A few months ago, I played through the 2015 Mad Max game on PS4, and while most of the game was a fairly standard (though very pretty) map-tidying open world dealy, the vehicular combat was probably the best I've ever seen, especially during the convoy chases. Tousou Highway 2, being a low-budget game from nearly a decade before Mad Max came out, obviously can't match up to the newer game in terms of sophistication, but the thing is, after I'd finished Mad Max, I said "I wish there was a game that was just the convoy battles from this", and Tousou Highway 2 is pretty close to that!

It's a very very simple version of that, but still: you get to hurtle down the highway in a cool-looking post-apocalyptic car, constantly killing bandits, either by gunfire or just by smashing through them with your car, and it all takes place in the crumbling ruins of the twenty-first century. It feels fast, killing bad guys is fun and satisfying and it's just great all-round. Well, that part of the game is,at least. Once every stage or so, you'll have to stop your car and get out, because the bad guys have built a barricade. You go in the barricade and fight a whole bunch of goons on foot, sometimes accompanied by a heavily-armed boss. Once they're all dead, the barricade explodes and you can get back in you car and be on your merry way. It's not exactly terrible, but it does break the flow a little bit.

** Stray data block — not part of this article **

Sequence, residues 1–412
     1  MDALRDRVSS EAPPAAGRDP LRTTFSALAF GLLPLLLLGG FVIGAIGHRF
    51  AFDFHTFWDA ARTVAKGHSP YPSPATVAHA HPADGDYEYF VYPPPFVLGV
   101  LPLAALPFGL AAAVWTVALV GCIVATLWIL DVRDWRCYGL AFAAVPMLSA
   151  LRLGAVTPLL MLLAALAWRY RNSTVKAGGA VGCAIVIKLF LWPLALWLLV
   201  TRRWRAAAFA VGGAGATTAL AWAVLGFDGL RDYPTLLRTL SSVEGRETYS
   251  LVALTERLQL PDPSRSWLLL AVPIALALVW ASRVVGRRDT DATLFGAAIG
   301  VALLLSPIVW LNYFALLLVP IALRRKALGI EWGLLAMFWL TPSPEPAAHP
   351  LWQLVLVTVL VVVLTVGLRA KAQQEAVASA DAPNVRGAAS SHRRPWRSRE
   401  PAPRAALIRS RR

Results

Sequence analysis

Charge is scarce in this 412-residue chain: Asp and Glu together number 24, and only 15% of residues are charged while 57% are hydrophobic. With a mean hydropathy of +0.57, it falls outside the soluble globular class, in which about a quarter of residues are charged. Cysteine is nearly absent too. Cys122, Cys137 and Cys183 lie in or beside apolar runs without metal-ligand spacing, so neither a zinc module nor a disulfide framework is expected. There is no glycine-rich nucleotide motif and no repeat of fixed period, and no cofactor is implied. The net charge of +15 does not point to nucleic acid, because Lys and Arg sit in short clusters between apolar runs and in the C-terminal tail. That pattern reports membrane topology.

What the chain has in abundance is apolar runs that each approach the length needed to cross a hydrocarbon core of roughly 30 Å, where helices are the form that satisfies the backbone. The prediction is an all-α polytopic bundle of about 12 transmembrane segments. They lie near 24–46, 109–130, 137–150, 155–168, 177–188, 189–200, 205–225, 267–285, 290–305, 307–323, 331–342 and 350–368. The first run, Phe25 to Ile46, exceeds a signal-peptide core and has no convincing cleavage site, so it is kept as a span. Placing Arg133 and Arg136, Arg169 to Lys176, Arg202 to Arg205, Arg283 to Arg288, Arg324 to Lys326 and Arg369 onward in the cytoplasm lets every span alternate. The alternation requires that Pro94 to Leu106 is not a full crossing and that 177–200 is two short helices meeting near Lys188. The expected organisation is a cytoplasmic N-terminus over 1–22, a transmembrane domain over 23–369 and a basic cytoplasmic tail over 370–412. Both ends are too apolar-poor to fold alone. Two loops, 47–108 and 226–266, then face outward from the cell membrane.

The only other problem I have with the game is that it's incredibly easy. You hardly take any damage (which is represented by an image of the vial of medicine gradually cracking), and when you do, there are more healing items around for you to stockpile than you'll ever need. Furthermore, the time limit is no challenge, either, as on my first attempt I finished the game with over an hour and a half left over. But even taking those few small qualms into account, I definitely recommend seeking this game out and giving it a go. It's excellent.